Sunny Ways are much akin to Make America Great Again. It plays to people’s dreams of being in a likeable place. America was not un-great in 2016 nor was Canada all that cloudy and dark. But most of us who may think rules are the way to go when making critical choices, will quickly settle on a likeable solution. And if we don’t get that, then we are looking for a deal. Certainly pursuing the Golden Rule is far from the minds of most voters. And until it is, we ought to quit complaining about the state of government. When I was younger I was very excited when Bob Stanfield was elected to lead a national party in Canada – it actually convinced me to change political allegiances. His campaign was solid, straightforward and based somewhere between Stage 4 and 5 in its ethical reasoning. He didn’t win the first time but he almost did the second, except that most people thought he was a bit boring, not exciting enough. What should that have to do with being a leader who would constantly have to make critical choices, who would have to reason through ethical dilemma after ethical dilemma? Contrast that with the behaviour of the federal Liberal caucus who ignored their own rules and allowed their leader (the Prime Minister of Canada) to expel from caucus and the party two people, one whose only fault was attempting to stand on principle, the other trying to defend the rule of law. Here was a straight out ethical dilemma and the reasoning behind solving it was perhaps at Stage Two – accept my decision (scratch my back) and I’ll let you all stay in caucus (scratch your back). Of course, if I was closer to the action I might find that it was more Stage One – accept my decision because I am more powerful than you and you don’t want to see the punishment I will mete out.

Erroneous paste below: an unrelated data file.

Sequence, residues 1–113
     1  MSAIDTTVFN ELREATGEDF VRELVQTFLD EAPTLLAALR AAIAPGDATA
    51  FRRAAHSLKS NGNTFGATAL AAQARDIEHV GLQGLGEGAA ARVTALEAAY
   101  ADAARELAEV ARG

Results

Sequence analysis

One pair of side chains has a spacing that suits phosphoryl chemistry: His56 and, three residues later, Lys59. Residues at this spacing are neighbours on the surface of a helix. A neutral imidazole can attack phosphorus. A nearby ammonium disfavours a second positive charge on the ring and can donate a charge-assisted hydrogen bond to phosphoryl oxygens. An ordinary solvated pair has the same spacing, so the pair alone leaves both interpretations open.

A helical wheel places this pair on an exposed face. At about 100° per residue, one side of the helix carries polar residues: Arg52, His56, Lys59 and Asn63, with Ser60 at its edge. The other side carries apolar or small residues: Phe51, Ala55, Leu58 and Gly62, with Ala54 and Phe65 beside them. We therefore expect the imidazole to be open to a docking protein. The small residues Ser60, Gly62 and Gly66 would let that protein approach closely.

And guess what? It’s working. Read the letters to the editor in the Globe + Mail and many are defending the PM. Follow any provincial premier and see if any consistently rise above Stage Three. Look at your own municipal government and see how often official community plans are set aside for one developer or another. And then ask yourself – how will you work to raise the level of ethical reasoning in government? What can be done to strive for Stage Four being the constant baseline, let alone Stage Five? And, ask your neighbours what they think about all this? I’m afraid the consensus will be that this is reality, this is politics, this is the way it is.

And we wonder why the young are cynical about what they see? And we wonder why we are no different than our neighbours to the south? And we wonder why so many don’t seem to really care about social norms let alone the laws that are supposed to be the underpinning of our society? We get the leadership we deserve, because we all too often like our backs scratched!